Now that researchers know the West African slender-snouted crocodile is not the same species as its Central African cousin, Shirley said, that changes its standing. “The West African slender-snouted crocodile is actually among the three or four most endangered crocodiles in the world,” Shirley wrote in an email last week. “By finally recognizing that it is a unique species, we are in a much better position to advance its conservation and ensure its future.” Shirley likened the plight of the West African slender-snouted croc to the American alligator, which was on the cusp of extinction in the 1960s, but because it was protected, can now be easily observed in nature, be legally harvested at times, and helps drive Florida’s tourism economy.

In Africa, crocodiles are traded and consumed as bush meat, making them a significant protein source for residents. They also play a major role at the top of the food pyramid, with significant influence on fish and crustraceans, much as lions control antelope populations. “If we remove them from the ecosystem, then there may be profound effects on fisheries resources in the future,” he wrote. Crocodile species are often difficult to identify by physical characteristics alone. Most non-scientists can barely tell the difference between an alligator and a crocodile, in fact. So to bolster their genetic sleuthing, the UF team also looked at skull characteristics of slender-snouted crocodiles from museum collections and were able to find consistent differences between the species, Austin said.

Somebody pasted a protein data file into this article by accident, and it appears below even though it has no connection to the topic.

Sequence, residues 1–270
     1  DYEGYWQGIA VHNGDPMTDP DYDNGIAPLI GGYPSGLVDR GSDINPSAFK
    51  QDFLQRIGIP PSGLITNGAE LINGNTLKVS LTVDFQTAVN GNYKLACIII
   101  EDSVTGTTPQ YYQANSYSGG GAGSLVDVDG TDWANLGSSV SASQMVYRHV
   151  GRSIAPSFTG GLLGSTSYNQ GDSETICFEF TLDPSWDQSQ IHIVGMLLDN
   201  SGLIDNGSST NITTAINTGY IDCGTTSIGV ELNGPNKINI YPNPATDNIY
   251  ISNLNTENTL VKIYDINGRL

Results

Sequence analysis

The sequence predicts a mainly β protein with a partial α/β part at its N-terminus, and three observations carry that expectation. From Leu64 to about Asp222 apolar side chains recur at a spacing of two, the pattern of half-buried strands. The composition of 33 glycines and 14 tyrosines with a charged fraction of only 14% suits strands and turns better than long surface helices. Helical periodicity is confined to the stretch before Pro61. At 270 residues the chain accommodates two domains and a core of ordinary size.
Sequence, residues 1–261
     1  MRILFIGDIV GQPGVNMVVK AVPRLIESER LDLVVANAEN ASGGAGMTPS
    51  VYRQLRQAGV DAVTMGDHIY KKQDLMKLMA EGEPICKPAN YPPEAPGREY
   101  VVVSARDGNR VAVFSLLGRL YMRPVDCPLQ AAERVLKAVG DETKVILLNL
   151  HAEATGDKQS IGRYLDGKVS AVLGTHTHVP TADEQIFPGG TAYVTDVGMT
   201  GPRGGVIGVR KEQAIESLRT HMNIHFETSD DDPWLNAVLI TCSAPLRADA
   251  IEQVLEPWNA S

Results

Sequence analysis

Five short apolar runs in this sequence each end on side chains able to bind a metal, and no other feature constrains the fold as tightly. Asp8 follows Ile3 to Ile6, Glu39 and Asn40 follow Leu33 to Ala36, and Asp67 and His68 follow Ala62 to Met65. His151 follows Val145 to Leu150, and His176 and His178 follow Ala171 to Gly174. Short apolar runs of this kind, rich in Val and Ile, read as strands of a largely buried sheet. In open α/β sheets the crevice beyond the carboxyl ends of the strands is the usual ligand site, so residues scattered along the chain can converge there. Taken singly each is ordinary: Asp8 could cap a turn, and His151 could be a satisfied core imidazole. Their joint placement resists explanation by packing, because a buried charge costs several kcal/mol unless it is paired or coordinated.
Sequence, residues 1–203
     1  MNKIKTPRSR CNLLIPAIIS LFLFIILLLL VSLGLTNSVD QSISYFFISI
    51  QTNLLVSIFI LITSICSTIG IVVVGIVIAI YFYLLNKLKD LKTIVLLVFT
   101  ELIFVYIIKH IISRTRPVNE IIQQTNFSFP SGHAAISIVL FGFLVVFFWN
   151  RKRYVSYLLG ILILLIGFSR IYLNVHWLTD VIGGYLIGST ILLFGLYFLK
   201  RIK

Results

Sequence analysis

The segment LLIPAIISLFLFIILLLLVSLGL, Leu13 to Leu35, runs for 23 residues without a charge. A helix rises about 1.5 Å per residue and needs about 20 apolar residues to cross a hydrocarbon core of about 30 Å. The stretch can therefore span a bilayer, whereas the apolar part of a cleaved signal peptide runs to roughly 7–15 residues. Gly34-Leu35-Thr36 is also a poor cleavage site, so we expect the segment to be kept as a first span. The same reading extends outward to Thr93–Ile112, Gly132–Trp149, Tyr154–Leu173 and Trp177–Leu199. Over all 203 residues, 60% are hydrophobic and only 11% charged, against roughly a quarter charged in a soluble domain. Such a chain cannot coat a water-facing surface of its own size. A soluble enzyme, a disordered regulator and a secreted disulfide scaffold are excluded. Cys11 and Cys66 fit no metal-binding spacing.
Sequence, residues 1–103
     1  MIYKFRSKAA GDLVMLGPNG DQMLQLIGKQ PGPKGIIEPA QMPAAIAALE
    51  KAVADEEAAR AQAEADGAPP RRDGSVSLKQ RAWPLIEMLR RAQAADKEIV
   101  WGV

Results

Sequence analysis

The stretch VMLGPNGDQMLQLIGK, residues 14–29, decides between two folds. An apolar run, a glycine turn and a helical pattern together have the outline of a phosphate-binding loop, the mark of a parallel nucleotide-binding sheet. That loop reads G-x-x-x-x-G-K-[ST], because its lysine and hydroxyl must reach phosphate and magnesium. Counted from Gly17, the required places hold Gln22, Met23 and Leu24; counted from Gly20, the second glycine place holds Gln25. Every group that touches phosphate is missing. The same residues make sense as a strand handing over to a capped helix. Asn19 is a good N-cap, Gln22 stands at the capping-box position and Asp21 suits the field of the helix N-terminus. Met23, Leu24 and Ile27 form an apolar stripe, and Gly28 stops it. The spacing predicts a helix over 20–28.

Austin is a faculty member in UF’s Department of Wildlife Ecology and Conservation, part of the Institute of Food and Agricultural Sciences. The other team members were Kent Vliet, laboratories coordinator with UF’s biology department, and Amanda Carr, an undergraduate in Wildlife Ecology and Conservation. Austin said the team’s work is leading to helpful information for American zoos and aquariums by decoding the correct identification and taxonomy of African crocodiles housed in these facilities.

Without the correct species identification, zookeepers could interbreed these hard-to-distinguish species, rendering them ineffective as founder animals for conservation purposes. And captive breeding efforts may be wasted when individuals of different species simply won’t breed. “We’re doing the work to see which species they actually have,” Austin said.


Lake Oku clawed frog saved from brink of extinction

One of the world’s most critically endangered frogs, which lives in just one African lake, has been bred for the first time in captivity.

The Lake Oku clawed frog is 35th on the list of the world’s most at risk animals and was in danger of becoming extinct within the next decade because of invasive fish and disease.

However the Zoological Society of London (ZSL) said it had successfully bred the frogs for the first time, which should ensure the future survival of the species.